My body would be exhausted, but my mind was reeling a mile a minute. I knew that I was tired and sleepy, but I just couldn’t go to sleep. It seemed like the harder I tried to sleep, the more awake I became. That is to say, the more active my mind became.
In an article entitled “Insomnia” and written by the Mayo Clinic staff, 2012, one can see that there are three main causes of insomnia. They are: stress, anxiety, and depression. I had all of the above.
Many things have I tried to cure my insomnia. I have tried reading a book, drinking warm milk, exercising, taking sleeping pills, and even taking the controversial melatonin. I cut out things that would keep me awake, like: caffeine, nicotine, and spicy food. No matter what I tried, it didn’t really work. For instance, exercising, reading and drinking warm milk didn’t work for me. While drugs worked, I always awoke feeling lethargic and like my body had just been thrown under a bus. Taking drugs to get to sleep takes its toll on the body. I do not recommend them.
Amazingly, I finally found a cure for my insomnia at the most unlikely place, and I’m pretty sure that it will work for anybody.
Did I go to a hospital? No.
Did I go to an alternative medical facility? No.
Did I see a sleep therapist? No.
The truth is I wasn’t even looking for the cure when I found it. Where was I? I was at a Buddhist Temple. That’s right, a Buddhist temple. I had been attending meditation sessions each Sunday to learn the Zen way of meditation. Every time the monk would say, “Now everybody, please begin Zen meditation,” I would inevitably fall asleep. One time I started snoring so loudly that I woke myself up. I was so embarrassed. Another time, I fell over during the meditation. A few people saw me. Again, I was so embarrassed. At first, I didn’t see it as a cure for my insomnia. It was just embarrassing. I blamed my insomnia for my lack of ability to stay awake during Zen meditation.
One sleepless night, I lay on the bed thinking, “Why is it that I can sleep during Zen meditation, but I can’t sleep now?” Then, it hit me. Zen meditation was the insomniac’s medication. From that point forward I have always done Zen meditation before going to sleep. And, it works every time, except when there is a physical reason for my insomnia, such as too much caffeine, too much nicotine, or too much spicy food.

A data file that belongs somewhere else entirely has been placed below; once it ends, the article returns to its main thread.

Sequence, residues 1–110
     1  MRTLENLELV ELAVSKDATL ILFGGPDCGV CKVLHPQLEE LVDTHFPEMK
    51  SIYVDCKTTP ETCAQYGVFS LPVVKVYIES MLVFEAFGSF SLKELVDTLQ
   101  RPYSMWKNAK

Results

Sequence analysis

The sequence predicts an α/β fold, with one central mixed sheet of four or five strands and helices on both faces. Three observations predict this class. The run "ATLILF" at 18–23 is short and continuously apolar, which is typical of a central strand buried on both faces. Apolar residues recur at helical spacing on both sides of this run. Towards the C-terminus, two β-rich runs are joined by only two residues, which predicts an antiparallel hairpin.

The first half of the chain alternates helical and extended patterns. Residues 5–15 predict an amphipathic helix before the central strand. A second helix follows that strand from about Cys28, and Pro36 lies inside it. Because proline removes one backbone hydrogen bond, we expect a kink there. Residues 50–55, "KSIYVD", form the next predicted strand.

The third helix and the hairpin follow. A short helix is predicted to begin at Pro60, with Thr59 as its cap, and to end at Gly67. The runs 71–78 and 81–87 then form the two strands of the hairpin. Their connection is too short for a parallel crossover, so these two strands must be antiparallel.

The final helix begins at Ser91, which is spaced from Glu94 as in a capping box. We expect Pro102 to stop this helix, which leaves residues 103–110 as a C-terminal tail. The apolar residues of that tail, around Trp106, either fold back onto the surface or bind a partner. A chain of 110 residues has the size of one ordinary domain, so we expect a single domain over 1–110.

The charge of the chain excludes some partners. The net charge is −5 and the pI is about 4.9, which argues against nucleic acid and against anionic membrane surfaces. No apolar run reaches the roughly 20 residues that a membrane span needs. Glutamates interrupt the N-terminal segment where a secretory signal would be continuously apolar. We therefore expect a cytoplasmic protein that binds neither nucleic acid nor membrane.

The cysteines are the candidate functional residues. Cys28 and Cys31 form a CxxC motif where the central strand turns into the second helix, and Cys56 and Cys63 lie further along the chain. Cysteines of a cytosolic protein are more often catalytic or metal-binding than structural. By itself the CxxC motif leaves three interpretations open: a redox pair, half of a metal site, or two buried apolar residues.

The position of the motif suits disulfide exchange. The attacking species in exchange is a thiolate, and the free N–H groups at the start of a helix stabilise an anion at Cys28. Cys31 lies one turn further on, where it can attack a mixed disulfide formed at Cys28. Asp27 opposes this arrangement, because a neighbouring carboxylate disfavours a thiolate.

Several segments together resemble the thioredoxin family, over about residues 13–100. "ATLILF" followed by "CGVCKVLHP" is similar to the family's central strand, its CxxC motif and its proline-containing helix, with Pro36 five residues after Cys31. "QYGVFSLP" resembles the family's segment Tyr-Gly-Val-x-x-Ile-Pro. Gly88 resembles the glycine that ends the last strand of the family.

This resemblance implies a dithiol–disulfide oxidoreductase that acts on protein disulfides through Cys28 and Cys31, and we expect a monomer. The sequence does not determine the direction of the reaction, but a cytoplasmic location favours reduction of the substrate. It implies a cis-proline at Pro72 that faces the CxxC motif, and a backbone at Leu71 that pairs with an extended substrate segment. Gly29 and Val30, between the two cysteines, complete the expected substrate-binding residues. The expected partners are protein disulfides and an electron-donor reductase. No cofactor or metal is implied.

As aforementioned, the three main causes for insomnia are: stress, anxiety, and depression. All of those are mental problems; Not physical problems. Keeping that in mind, does it not seem strange that we would treat mental problems with drugs that affect the physical body? Does it not seem logical that we would solve mental problems with mental solutions? Zen meditation may not be the only way to solve the problem, but it is certainly works.
So, what is Zen mediation exactly?
Ironically, Zen meditation is the opposite of normal meditation, and therefore “meditation” is a mega-misnomer. In fact, Zen meditation is not meditation at all. Pinoy Lambingan So, why is it called “meditation”? My guess is because from an outsider’s point of view, it looks like the Zen practitioner is meditating. Also, there is no word in the English language for the behavior. It is incumbent upon me, therefore, for the purposes of this article to coin a new term. I shall call the behavior: “Vacuuming the Mind”.
For the purposes of this article, ‘Vacuuming the Mind’ is the act of making one’s mind vacant. It is the process by which one eradicates all thinking from the mind. Zen Buddhists call the state of having a vacant mind: “Empty Mind.” It takes practice to acquire the state of “Empty Mind,” but here are some techniques that may help.
(1) Firstly, one needs to relax all the muscles in his/her body. Generally, when one lies down, his/her body is tense. The individual may think that he/she is relaxed, but he/she really is not. It is suggested that one take each body part one by one, usually starting from the head. Tense all the muscles in your head and face for a few seconds, then relax them completely. After that, tense the muscles in your neck, then relax them completely. Work your way down the body, until you are completely relaxed. When you become well-practiced, you will be able to relax your whole body in a matter of seconds. Yet, what does this have to do with vacuuming the mind? Well, by focusing on relaxing your muscles, you are not thinking about all the things which give you stress, anxiety, and/or depression. You are eliminating the malignant thoughts and replacing them with benign ones.
(2) For beginning Zen practitioners, Buddhist monks say, “Focus on your breathing.” This eliminates all random thoughts that go zipping through the practitioner’s mind. If you are a beginner and you have trouble vacuuming your mind, try focusing on your breathing. Breathe slowly in and out. Use your diaphragm and not your intercostal muscles (rib muscles).
(3) After the breathing exercise, assuming it hasn’t put you to sleep already, one could try the following mental exercise; it works really well for me. Close your eyes and visualize being in a movie theatre, which is pitch black. Imagine that the screen is black. Pretend that you are waiting for the movie to begin. Inevitably, that does the trick for me. If not, there is one more thing you can try.
(4) In a dark room, as dark as possible, trying opening your eyes and focusing about two feet in front of your face. See what you can see! Eventually, your eyelids will get very heavy. You won’t be able to keep them open. Once your eyelids are shut, try step 3 once more. It should work this time.